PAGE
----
Question put— That the House do now adjourn.

The House divided:—Ayes 124; Noes 54.—(Division list No. 166.)

Atkinson, Rt. Hon. John Cubitt, Hon. Henry Lea, Sir T. (Londonderry)
Bagot, Capt. J. FitzRoy Curzon, Viscount (Bucks) Leigh-Bennett, Henry Currie
Balcarres, Lord Donkin, Richard Sim Llewellyn, E. H. (Somerset)
Balfour, Rt. Hon. A. J. (Manc'r) Douglas, Rt. Hon. A. Akers- Llewelyn, Sir Dillwyn- (Sw'ns'a)
Barnes, Frederic Gorell Duncombe, Hon. Hubert V. Loder, G. W. Erskine
Barry, Rt Hn A H Smith- (Hunts) Fardell, Sir T. George Long, Rt. Hon. W. (Liverp'l)
Barton, Dunbar Plunket Fellowes. Hon. A. Edward Loyd, Archie Kirkman
Bathurst, Hon. A. Benjamin Field, Admiral (Eastbourne) Macartney, W. G. Ellison
Beach, Rt. Hn. Sir M. H. (Brist'l) Finlay, Sir R. Bannatyne McArthur, C. (Liverpool)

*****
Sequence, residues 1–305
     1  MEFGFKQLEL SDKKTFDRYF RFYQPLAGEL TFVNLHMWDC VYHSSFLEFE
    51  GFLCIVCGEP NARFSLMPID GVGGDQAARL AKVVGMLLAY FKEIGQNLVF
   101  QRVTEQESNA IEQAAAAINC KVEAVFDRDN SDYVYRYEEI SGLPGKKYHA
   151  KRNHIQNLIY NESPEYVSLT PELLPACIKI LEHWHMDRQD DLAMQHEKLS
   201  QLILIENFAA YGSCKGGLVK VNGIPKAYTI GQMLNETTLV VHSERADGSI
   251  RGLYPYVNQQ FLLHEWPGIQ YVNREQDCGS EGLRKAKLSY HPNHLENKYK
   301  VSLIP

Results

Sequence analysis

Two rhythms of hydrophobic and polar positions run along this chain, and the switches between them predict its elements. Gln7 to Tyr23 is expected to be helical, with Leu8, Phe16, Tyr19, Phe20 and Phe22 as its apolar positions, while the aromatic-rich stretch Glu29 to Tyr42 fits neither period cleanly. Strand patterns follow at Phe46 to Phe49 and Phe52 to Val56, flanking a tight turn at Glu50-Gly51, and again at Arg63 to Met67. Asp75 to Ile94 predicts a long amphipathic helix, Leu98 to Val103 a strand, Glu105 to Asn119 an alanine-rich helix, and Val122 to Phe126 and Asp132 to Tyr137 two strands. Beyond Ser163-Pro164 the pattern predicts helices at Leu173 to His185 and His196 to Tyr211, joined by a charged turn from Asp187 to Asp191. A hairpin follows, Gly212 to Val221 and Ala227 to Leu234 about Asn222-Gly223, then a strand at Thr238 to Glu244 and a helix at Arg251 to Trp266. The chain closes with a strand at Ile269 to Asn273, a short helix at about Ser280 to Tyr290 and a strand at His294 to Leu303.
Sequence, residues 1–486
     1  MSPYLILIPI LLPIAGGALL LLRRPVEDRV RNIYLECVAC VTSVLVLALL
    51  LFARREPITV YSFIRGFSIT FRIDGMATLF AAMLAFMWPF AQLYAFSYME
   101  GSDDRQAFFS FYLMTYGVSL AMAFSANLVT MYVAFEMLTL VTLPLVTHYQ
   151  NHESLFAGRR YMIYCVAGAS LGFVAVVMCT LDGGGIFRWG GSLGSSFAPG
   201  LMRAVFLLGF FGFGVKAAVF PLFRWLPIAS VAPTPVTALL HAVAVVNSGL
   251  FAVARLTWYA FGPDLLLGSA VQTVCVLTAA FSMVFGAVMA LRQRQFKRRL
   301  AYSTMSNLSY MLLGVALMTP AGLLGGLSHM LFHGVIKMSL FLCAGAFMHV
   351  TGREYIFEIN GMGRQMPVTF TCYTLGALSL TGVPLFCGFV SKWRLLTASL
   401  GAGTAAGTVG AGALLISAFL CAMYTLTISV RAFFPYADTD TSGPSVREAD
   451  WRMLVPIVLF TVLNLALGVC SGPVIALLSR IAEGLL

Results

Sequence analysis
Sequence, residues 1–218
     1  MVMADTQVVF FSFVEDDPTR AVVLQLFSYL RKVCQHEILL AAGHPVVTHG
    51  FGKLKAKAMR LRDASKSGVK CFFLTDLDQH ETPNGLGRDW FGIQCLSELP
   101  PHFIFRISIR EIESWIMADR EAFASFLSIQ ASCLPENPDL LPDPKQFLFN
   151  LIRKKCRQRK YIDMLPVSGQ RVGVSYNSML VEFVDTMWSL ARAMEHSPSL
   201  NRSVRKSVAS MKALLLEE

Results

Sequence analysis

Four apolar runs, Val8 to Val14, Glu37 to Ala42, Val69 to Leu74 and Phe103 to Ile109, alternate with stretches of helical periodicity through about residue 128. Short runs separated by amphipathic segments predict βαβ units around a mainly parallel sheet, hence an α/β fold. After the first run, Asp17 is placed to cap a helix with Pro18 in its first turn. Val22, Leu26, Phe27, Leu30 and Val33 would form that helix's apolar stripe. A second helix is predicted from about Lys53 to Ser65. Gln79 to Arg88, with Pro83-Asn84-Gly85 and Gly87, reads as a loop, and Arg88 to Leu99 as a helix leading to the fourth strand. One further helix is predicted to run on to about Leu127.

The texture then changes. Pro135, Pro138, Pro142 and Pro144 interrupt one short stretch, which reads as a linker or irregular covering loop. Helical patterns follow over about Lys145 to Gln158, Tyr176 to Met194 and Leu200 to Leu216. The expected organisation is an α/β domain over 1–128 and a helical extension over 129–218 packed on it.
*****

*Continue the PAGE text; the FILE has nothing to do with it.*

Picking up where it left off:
Beresford, Lord Charles Fisher, William Hayes Malcolm, Ian
Bethell, Commander Flannery, Fortescue Milton, Viscount
Bhownaggree, Sir M. M. Flower, Ernest Monckton, Edward Philip
Biddulph, Michael Folkestone, Viscount More, Robert Jasper
Bigwood, James Forster, Henry William Morrell, George Herbert
Blundell, Colonel Henry Galloway, William Johnson Morton, A. H. A. (Deptford)
Boulnois, Edmund Garfit, William Murray, Rt. Hn. A. G. (Bute)
Bowles, T. G. (King's Lynn) Gibbons, J. Lloyd Murray, Col. W. (Bath)
Brookfield, A. Montagu Gibbs, Hon. V. (St. Albans) Nicholson, William Graham
Bucknill, Thomas Townsend Giles, Charles Tyrell Nicol, Donald Ninian
Bullard, Sir Harry Gorst, Rt. Hon. Sir J. E. Phillpotts, Captain Arthur
Cayzer, Sir Charles William Gray, Ernest (West Ham) Pierpoint, Robert
Chaloner, Captain R. G. W. Gretton, John Pollock, Hurry Frederick
Chamberlain, Rt. Hon. J. (Birm.) Hanbury, Rt. Hon. R. W. Purvis, Robert
Chamberlain, J. A. (Worc'r) Hanson, Sir Reginald Quilter, Sir Cuthbert
Charrington, Spencer Helder, Augustus Rankin, James